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We've made some changes to Cheloniidae Live. Check out what's new.


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What's New?

Welcome back to Cheloniidae Live! We've made some changes that you should know about.

No simple mode

There's no longer a simple mode. All commands are now issued in power-user mode, using method calls on the turtles.

Mutable turtles

It might be more accurate to say that we've merged simple and power-user modes. We kept the power-user mode syntax, but we've made the turtles mutable the way they were in simple mode. Now, methods on t return a modified t, instead of a new turtle.

// Old: You had to capture changes and store them back into t.
t = t.move (100);
// New: This does the same thing. Now, t changes itself.
t.move (100);

If you're thinking that this looks awfully similar to simple mode, you're right! In fact, you can use the simple mode commands just as before, except now they're methods on t.

t.move (d);   // Same as move (d)
t.jump (d);   //         jump (d)
t.turn (a);   //         turn (a) (a);   //         bank (a)
t.pitch (a);  //         pitch (a)

Since turtles are now mutable, branching is done a little differently.

// Old: t is unchanged
var r = t.move (100);
var s = t.turn (90).move (100);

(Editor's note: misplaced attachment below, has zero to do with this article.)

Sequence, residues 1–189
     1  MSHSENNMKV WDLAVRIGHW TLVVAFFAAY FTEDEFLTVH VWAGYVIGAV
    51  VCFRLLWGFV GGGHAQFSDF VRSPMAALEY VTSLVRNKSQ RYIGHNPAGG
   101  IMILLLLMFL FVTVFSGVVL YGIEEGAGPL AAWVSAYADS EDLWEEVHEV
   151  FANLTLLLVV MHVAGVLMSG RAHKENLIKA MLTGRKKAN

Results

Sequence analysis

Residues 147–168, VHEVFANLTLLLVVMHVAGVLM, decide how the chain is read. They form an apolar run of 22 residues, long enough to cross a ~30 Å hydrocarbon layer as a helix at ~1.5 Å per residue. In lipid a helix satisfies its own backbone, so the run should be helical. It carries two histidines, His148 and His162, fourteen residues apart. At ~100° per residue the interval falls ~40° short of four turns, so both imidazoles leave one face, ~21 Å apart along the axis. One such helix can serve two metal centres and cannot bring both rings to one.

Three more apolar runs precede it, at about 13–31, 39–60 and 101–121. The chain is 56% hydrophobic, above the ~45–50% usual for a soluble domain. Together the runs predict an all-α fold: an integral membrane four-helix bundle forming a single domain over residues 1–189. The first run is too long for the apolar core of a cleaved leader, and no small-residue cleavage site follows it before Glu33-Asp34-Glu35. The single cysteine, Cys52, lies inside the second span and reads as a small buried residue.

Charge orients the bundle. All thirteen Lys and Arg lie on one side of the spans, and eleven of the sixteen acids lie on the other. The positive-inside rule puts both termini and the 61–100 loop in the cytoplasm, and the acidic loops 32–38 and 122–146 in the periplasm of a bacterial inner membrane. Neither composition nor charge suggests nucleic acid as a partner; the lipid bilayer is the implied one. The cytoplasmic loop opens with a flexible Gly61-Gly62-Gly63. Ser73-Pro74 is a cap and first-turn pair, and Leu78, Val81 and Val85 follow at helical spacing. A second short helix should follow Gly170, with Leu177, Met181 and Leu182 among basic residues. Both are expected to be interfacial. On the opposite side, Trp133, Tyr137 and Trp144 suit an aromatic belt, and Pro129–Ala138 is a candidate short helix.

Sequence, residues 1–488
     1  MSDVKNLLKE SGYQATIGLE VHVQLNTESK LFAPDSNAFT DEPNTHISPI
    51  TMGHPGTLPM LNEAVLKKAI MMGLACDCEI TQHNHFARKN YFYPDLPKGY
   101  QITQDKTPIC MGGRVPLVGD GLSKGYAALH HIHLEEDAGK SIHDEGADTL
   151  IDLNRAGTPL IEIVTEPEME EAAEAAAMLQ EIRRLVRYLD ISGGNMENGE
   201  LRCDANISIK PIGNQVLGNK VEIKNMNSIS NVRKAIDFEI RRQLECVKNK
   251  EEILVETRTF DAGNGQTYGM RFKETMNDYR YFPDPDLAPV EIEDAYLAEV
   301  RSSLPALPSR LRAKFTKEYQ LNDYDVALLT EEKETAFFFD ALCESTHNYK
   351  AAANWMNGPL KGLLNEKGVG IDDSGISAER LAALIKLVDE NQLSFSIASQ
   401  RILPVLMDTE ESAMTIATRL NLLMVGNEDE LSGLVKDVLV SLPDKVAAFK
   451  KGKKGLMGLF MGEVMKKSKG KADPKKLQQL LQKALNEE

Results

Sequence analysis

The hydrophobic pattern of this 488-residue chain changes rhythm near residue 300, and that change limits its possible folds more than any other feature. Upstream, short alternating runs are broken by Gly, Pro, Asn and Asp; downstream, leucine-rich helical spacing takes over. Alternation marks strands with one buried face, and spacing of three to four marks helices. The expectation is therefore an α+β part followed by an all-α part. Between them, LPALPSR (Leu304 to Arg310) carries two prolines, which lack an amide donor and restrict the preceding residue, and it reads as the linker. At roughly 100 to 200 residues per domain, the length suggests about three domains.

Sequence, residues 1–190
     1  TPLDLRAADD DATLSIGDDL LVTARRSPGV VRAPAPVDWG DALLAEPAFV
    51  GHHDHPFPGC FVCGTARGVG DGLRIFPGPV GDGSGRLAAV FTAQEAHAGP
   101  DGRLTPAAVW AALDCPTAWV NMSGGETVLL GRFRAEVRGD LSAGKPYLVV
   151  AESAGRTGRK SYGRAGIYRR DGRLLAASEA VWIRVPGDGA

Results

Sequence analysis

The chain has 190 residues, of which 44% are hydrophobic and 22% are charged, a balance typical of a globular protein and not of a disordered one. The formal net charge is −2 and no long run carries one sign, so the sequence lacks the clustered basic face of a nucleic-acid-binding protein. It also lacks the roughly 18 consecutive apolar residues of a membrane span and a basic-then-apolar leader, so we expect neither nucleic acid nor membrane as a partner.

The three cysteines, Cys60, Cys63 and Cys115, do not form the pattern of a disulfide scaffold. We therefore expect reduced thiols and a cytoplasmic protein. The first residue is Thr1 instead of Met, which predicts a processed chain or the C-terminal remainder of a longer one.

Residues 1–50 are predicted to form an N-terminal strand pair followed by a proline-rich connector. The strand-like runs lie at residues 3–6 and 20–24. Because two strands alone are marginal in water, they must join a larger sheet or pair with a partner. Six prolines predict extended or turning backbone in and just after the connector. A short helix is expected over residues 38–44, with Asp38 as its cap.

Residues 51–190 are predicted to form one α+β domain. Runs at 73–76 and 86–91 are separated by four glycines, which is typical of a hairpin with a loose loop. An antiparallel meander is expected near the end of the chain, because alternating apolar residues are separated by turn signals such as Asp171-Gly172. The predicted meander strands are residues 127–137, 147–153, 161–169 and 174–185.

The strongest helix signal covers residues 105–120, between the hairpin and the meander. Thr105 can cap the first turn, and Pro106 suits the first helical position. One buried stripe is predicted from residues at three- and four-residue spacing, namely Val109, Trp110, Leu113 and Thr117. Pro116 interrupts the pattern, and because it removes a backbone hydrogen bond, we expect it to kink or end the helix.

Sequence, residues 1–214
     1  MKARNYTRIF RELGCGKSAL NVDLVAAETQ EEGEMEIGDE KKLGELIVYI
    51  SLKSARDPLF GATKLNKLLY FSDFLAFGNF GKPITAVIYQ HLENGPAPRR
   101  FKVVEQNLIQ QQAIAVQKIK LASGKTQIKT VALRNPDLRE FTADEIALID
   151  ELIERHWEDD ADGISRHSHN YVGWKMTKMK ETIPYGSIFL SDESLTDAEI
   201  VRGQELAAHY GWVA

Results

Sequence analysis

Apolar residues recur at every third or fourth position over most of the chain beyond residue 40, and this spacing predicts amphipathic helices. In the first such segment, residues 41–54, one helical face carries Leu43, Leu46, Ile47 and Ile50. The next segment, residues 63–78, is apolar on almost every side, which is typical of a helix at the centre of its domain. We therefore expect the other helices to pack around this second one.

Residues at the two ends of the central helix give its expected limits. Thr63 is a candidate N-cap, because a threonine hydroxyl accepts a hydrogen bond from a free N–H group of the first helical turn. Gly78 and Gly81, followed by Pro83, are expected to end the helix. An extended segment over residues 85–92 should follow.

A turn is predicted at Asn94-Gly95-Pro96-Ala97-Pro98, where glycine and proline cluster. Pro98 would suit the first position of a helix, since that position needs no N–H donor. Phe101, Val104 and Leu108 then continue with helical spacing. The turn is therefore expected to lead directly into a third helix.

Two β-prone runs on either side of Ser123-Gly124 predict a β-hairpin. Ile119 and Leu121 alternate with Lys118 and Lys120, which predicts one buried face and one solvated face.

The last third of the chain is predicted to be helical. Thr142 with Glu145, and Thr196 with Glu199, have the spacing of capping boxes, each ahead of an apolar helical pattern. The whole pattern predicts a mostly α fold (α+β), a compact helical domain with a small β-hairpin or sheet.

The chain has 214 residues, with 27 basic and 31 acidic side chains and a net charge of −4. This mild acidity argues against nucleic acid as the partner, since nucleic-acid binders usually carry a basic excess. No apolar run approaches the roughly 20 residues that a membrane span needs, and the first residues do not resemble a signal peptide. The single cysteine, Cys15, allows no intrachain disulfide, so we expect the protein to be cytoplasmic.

// New: This does the same thing
var r = t.clone ().move (100);
var s = t.clone ().turn (90).move (100);

The examples

We ported all of the examples to accomodate the changes. If we've accidentally mangled your code, please let us know and we'll fix it up for you.

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Turtle Commands

Turtle commands are simply JavaScript methods that tell a turtle how to move around the screen. Here's a quick overview of the available commands.

Driving the turtle

Each scene comes with a default turtle called t. There are five basic turtle operations:

var a = 90;     // a is an angle in degrees
var d = 100;    // d is a distance, roughly in pixels
// Basic turtle commands
t.move (d);     // Moves d pixels, drawing a line
t.jump (d);     // Jumps d pixels, without drawing a line
t.turn (a);     // Turns a degrees to the right (clockwise) (a);     // Banks a degrees to the right (clockwise)
t.pitch (a);    // Pitches a degrees downwards (counterclockwise)


To branch into multiple turtles, use the clone() method:

var s = t.clone ();  // s is a copy of t
s.move (100);        // s moves without changing t

Changing pen attributes

By default, the pen color is #444 (gray), opacity is 0.6, and width is 1 pixel. You can change each of these attributes individually, or set them all at once.

// Set each individually:
//   with_color takes a string with a hexadecimal color.
t.with_color ('#f00');  // Changes the color to red.
//   with_opacity takes a float between 0 and 1.
t.with_opacity (0.25);  // Changes the opacity to 25% opaque.
//   with_size method takes an integer.
t.with_size (4);        // Changes the pen size to roughly 4 pixels wide.
// Set all three at once:
t.with_pen ({color:'#f00', opacity:0.25, size:4});

Commands are expressions

Each command is an expression that returns the modified turtle. This means you can chain them:

// Move 50 pixels, turn 90 degrees, change the color to red, move 50 pixels.
t.move (50).turn (90).with_color ('#888').move (50);

Go forth and conquer

Have fun writing your turtle programs! If you make anything you're super proud of, be sure to send it in.

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